That is what is happening at the moment. Washington has demanded that Montana lower the blood-alcohol threshold for driving under the influence from 0.10 percent to 0.08 percent. It also wants Montana to ban open alcohol containers in vehicles on the highways. If the Montana Legislature doesn't do these things, the feds will begin withholding highway money next year, gradually upping the amount of withheld money to $115 million over the nine years after that.

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Reportedly, the greater number of drunk-driving accidents occur when the driver has a blood-alcohol content above 0.10 percent. If that's so, the lower limit, presumably, wouldn't accomplish much. But it would accomplish something, undoubtedly, including the saving of at least a few lives.

The prospect of an open container ban was criticized by Sen. Bill Glaser, R-Huntley, as something that would "radically change the social structure in Montana."

It would, indeed. It would make it illegal, for example, to glug down beers in the cab of your speeding pickup, then sail the empties out the window into the bed of the truck. Radical, man, but perhaps overdue.

Over the years, this ritual of yelling blackmail, then bowing to it, has occurred over matters such as fuel conservation speed limits, regular highway speed limits, seat belt laws and helmet laws. It also occurred a few years ago when the Legislature bowed to the feds and began insisting on systematic invasions of personal privacy by state licensing agencies and certain private businesses as a means of tracking down deadbeat parents.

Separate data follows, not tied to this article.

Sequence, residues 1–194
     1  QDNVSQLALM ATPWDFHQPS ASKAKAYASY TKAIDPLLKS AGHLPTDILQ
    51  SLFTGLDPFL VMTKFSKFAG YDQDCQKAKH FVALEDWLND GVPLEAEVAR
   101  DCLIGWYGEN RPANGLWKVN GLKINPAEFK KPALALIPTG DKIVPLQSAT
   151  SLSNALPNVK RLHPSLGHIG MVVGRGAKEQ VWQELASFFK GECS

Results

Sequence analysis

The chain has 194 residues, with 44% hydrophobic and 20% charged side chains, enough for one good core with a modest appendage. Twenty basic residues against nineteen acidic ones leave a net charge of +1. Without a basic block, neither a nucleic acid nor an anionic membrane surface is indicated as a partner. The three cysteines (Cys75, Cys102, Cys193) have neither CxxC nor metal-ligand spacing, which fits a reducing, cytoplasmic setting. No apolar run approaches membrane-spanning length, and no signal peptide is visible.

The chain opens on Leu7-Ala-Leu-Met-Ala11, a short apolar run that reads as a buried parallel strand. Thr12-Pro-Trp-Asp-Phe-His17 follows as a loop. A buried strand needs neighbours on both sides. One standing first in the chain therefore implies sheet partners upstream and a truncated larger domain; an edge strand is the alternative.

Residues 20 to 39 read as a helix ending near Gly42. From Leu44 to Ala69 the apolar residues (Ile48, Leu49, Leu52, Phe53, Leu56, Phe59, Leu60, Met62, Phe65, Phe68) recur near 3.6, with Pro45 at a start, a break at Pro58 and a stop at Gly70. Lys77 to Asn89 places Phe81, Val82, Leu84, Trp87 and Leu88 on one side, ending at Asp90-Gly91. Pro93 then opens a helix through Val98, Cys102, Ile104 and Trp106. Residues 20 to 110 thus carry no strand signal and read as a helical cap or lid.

That was one example of federal coercion that was clearly out of bounds, yet both parties in the Legislature gave in to that, too.

One legislator pointed out that Montana is over a barrel. Montana is dependent on federal money. If it wants to maintain minimal levels of state government services, it has to do what Washington says.

The alternative would be huge increases in state taxes. Shoot us for not being a real Montanan, but we have to say it: The federal government's position has been right in most of the cases discussed above. The invasion of personal privacy matter is the major exception.